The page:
Having grown up on a English diet of potatoes with more or less everything, I was very happy to discover that Italy was not a potatoes with everything nation, as I am not a huge fan of potatoes.
Italy has no less than three potato alternatives: pasta, rice, and polenta. It has to be said that hot polenta is better as a winter food.
Before coming to Italy I had never tried polenta. Now though, I am a polenta convert! If you did not know, polenta is ground maize or corn flour.
Generally, polenta comes as fairly coarse ground grains, around the size of sugar. More often than not polenta is yellow. Sometimes though, polenta can be white, or brown.
The first polenta I tried was cooked in the traditional manner. Depending on the quantity, polenta can take three hours or more to prepare. It also needs stirring constantly. The stirring, which is regarded as essential in Italy, can be achieved either manually or with specially developed devices which sit on the top of large pans. Alternatively, dedicated polenta makers can be found – we have one lurking in a kitchen cupboard.
Enter Quick Cook Polenta
Nowadays, our polenta maker rarely sees the light of day because quick cook polenta has more or less taken over. Personally, I can’t really tell the difference between the quick cook variety of polenta and the traditional arm-exhausting version.
Whereas once upon a time polenta was best cooked during the weekends, today, it can be prepared quickly enough for it to become an quick evening meal for working couples or singles.
Polenta with Tomato and Sausage Sauce
Last week we had our first polenta of the season. Sitting on top of the yellow mix was a simple tomato and sausage sauce. It was quick to do very tasty!
There are plenty of other ways to serve polenta. One can simply throw in a good portion of cheese – which would probably fontina in Italy, but could just as well be a reasonably mature cheddar. Alterntaively, tangy gorgonzola can be added to polenta for a tasty dish.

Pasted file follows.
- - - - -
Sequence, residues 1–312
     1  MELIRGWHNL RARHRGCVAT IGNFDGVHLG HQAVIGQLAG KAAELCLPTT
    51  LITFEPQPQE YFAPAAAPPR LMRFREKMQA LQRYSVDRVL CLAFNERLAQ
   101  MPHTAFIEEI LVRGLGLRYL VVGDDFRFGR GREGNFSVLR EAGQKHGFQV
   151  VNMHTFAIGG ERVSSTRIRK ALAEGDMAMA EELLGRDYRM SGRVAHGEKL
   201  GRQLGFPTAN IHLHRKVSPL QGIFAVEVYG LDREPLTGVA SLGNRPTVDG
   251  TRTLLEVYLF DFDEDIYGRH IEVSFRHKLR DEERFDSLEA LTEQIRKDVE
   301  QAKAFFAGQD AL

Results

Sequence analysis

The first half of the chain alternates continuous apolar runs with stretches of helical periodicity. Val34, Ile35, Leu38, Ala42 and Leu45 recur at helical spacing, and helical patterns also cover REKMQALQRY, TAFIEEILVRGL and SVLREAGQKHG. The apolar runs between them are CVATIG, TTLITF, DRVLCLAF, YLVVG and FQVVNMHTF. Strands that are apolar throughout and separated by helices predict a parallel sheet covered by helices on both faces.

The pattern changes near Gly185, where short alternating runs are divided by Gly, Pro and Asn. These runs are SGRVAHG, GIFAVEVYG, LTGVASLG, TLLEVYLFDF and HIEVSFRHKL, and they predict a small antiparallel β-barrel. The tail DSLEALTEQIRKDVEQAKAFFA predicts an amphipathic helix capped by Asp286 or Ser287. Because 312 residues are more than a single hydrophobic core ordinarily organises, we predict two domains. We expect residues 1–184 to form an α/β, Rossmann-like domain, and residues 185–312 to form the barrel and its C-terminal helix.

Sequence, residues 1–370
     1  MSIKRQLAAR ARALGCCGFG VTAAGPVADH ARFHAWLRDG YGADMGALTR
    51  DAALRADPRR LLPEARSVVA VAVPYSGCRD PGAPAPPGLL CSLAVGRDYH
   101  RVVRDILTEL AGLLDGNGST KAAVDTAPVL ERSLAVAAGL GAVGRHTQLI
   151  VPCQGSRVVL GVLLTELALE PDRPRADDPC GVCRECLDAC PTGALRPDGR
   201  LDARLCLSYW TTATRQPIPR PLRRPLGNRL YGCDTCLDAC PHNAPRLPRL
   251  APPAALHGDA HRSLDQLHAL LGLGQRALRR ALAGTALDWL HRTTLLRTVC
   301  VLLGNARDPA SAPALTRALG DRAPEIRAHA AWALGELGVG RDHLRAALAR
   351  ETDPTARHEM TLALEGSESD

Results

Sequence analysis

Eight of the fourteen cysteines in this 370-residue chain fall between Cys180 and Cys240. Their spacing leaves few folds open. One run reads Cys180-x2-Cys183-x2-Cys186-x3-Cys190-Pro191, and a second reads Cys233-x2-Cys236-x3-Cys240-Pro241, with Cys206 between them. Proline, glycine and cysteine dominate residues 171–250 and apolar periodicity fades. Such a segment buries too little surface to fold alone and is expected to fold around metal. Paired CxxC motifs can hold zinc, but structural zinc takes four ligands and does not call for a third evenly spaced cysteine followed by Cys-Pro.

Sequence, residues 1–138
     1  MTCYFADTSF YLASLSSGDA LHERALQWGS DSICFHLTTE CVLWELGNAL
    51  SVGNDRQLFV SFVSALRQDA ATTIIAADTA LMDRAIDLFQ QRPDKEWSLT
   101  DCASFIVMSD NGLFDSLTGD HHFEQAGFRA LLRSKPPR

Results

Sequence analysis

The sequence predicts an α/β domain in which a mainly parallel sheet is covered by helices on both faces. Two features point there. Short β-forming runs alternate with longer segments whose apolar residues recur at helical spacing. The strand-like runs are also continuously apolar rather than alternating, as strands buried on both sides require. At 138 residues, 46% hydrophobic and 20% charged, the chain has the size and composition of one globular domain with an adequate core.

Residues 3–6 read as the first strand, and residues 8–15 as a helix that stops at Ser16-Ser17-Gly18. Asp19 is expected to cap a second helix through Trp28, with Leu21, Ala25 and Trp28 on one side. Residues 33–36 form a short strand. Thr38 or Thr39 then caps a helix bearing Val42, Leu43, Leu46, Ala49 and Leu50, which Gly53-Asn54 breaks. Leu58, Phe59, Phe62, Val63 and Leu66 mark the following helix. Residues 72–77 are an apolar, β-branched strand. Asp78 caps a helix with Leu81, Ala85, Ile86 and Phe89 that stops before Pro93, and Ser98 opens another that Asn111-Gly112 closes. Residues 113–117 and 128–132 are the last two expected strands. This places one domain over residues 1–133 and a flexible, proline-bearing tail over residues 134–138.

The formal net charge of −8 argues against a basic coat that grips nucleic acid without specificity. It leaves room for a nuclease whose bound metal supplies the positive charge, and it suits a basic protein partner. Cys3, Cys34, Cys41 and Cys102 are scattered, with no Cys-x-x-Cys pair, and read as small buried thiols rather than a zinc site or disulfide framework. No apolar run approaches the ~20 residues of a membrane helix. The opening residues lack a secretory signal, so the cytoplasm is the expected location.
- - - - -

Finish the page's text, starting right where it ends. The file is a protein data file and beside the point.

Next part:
Stop reading, start speaking
Stop translating in your head and start speaking Italian for real with the only audio course that prompt you to speak.
Really though, more or less anything can be either added to, or placed on top of polenta. Although Italians might consider shooting me for suggesting it, I think you could throw in some curry power into the poltenta. Or, perhaps, you could just place curried beef or chicken on top of hot polenta.
Naked, or Nearly, Polenta
Some do like polenta on its own, perhaps with a dollop of butter and a little seasoning. Others might find virtually ‘naked’ polenta a little dull, but not necessarily.
Polenta does have to be served as soon as it is cooked or else it will solidfy. This tendency to solidify is actually something of an advantage would you believe. Solid polenta, left-overs, for example, can be cut into strips and lightly fried or it can be warmed up in the oven. Cheese can be melted onto the oven heated polenta and the result is very tasty!
An Alternative to Potatoes
If you are a little sick of potatoes, pasta or even rice with everything, try polenta. One brand which you should be able to find outside of Italy is the quick cook Valsugana. Try it!
You can find Valsugana Polenta on Amazon.com.
Have you tried polenta? If so, what did you think of it? What’s your favorite way of serving polenta?
If you have not tried polenta, then do so and get creative! You can even do sweet dishes with it. Let us know what you cook up.
Photo credit: A Cotechino Modena, sliced, ready to serve with Polenta, and Lentils in sauce, as popularly served in Italy, especially around the New Year by J.P.Lon